I just uploaded some random pictures from our stay in San Juan and need to organize a selection from an overwhelming amount of photos taken while in the Bahamas to upload. Maybe next stop...
Looking forward to catching up in person with all who have been following our adventures. And even those who haven't!
Jeff, Mege, Orly and Asa
San Juan Puerto Rico and passage to the Bahamas
16 April 2014
April 7, 2014
San Juan, Puerto Rico to the Bahamas
We had a fun couple of days in San Juan and spent all of our leisure time exploring Old San Juan and parts of the fort. The fortress along the ocean coast of old San Juan is enormous stretching for over a mile along the coast with two main fortifications and a huge wall connecting both with an ancient ghetto squeezed along the ocean shore at the base of the wall between the forts. The fort to the east, Castillo San Cristobal began construction in the early 16th century, shortly after Columbus’ first visit in 1492 and the El Morro on the point was started shortly after. Both were under construction for the next 250 years! I was told the ghetto started forming in the 1600s as more people came to find work in the city but had no place to live inside the city walls. The encampment grew to the limits of what the coastline would allow in the shadow of the imposing walls and still stands today in much the same state. This is no gentrified ocean front property. It remains a ghetto and was evident from the sea as we sailed by, noted by the ragged and decaying buildings and squalid looking dwellings. We were warned not to venture there. The kids could have been happy with a full day exploring the fort but unfortunately our time was short. The experience was a bit different from our other experiences with forts throughout the Caribbean in that, being back in US territory, there were guard rails in places, places off limits and rules in general, whereas the rest of the Caribbean forts were just fully open with no limits. On the flip side, we did have the help of an excellent park worker who led us to all the most interesting bits including some deep narrow tunnels that were pitch black except for the light from the iphone.
We spent most of our two days in San Juan getting ready for our passage to the Bahamas, doing boat chores and school work, but we spent our two evenings roaming around old San Juan’s cobblestone streets, architecture, shops and restaurants. The volume of restaurants in old town is amazing! Our first night we strolled around and window shopped at dozens of restaurants before the kids started melting and we went back to one Mege had her eye on. Despite the name, The Parrot Club (which on first impression brought to mind overly sweet tropical drinks and maybe a cheeseburger in paradise image) had a great atmosphere, very good traditional Puerto Rican food with a modern twist and a great trio of musicians who set up during our dinner and with electric bass, keyboards, and hand percussion, served us up a taste of Puerto Rican sounds along with some Cuba a la some Buena Vista Social Club standards. Rumors of the sweet sounds to be found in old San Juan were well founded! The combination of delicious food, an attentive, professional and very personable waiter, and the fantastic music made for an incredibly enjoyable evening. The mofongo, empanadillas, ceviche, and churros… yumm! The next night we dined outside along an alley at a Tapas restaurant. The food was fantastic and the prices were not too bad. We could have been happy spending much more time here.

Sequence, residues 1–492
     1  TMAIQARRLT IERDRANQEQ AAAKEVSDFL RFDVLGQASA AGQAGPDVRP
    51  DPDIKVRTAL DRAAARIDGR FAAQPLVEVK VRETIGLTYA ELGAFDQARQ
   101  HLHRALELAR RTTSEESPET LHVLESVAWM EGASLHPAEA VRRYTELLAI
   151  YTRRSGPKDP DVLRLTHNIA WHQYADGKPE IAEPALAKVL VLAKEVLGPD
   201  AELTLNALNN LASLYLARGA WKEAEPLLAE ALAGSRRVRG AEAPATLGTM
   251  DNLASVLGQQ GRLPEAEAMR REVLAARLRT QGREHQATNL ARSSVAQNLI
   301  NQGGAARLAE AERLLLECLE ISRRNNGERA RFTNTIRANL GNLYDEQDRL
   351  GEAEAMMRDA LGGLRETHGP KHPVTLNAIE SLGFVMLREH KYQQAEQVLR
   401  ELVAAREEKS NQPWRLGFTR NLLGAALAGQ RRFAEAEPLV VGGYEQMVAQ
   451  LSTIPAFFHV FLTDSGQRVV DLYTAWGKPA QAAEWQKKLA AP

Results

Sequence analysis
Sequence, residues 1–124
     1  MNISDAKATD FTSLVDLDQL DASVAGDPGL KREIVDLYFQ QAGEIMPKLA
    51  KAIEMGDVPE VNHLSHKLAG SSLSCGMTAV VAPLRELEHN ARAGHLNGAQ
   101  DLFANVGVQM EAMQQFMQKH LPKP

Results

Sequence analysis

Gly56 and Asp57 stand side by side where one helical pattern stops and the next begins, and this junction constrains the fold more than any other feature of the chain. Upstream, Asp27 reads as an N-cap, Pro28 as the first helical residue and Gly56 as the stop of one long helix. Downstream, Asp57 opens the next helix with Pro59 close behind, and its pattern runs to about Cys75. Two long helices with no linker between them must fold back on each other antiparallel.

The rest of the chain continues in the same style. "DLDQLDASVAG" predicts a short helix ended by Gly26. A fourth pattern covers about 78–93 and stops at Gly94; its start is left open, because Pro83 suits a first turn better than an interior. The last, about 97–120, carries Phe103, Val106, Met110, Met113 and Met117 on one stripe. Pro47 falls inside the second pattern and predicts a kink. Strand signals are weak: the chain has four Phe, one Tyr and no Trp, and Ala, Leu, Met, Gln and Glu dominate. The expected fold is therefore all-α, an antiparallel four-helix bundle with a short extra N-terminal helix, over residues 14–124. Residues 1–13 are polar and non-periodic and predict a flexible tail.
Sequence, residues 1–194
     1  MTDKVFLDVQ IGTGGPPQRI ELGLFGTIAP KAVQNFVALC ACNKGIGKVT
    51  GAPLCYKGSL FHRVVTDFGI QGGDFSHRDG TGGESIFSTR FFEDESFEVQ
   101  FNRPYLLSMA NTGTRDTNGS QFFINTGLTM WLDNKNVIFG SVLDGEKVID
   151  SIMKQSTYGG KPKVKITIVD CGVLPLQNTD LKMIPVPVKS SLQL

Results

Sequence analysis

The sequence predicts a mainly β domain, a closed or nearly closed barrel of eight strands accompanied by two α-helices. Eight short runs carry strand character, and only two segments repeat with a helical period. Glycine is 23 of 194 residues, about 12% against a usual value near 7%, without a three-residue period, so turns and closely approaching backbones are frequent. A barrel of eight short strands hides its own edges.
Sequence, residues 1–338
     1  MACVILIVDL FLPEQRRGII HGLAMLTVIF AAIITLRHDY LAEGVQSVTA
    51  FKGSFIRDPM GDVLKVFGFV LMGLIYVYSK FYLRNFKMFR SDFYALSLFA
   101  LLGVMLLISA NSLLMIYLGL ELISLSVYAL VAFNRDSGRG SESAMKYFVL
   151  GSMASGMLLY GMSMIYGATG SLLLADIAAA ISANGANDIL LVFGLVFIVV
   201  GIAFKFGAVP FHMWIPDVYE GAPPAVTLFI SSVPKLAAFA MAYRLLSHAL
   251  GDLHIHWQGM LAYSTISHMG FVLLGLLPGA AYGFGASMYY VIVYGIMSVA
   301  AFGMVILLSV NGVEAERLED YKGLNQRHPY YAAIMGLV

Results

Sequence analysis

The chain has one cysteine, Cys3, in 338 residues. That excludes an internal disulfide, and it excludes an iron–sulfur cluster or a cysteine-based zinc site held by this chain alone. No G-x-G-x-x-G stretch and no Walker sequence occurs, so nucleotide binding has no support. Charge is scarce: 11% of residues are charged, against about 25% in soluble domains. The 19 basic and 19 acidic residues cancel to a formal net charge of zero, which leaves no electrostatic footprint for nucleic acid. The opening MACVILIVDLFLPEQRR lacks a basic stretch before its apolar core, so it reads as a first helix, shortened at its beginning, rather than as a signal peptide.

Unfortunately, the wind and weather were calling us to take advantage of their offerings and make tracks west. So we left mid morning on the 3rd and set out on a beam reach to a waypoint off the south of the Caicos bank. We had a fast first day, covering about 190 miles in 24 hours. Other than a moderate north swell mixing with the ENE wind generated swell creating a bit of a lumpy ride, the conditions were pretty good. After passing west of the Caicos bank on Saturday morning, the conditions served up were the kind that can make you forget all about any hardships of the past. The seas became a regular easy following sea gently nudging us ever forward with the wind perfectly on the starboard quarter, strong and steady around 20 knots, we ghosted along at 8 knots effortlessly. That lasted into the night until the wind came further ESE and we had to wing and wing it with the genoa poled out. Oh yes! Almost forgot to mention the tuna we hooked somewhere off the coast of the DR (Dominican Republic). We fished only during the day, and this one happened to bite in the late afternoon in time for dinner. We managed three meals out of it starting with some raw sushi! I tried to incorporate a little science lesson with the gutting of the fish but tuna tends to bleed excessively and with the rolling downwind at 8 knots, the kids weren’t too interested (Asa was curious but Orly less so). We made landfall late Sunday afternoon in Clarence Town Long Island in the southern Bahamas and anchored in clear water over sand in about 9 feet of water. Still plenty of light for a little snorkeling before dinner and finally a full nights sleep!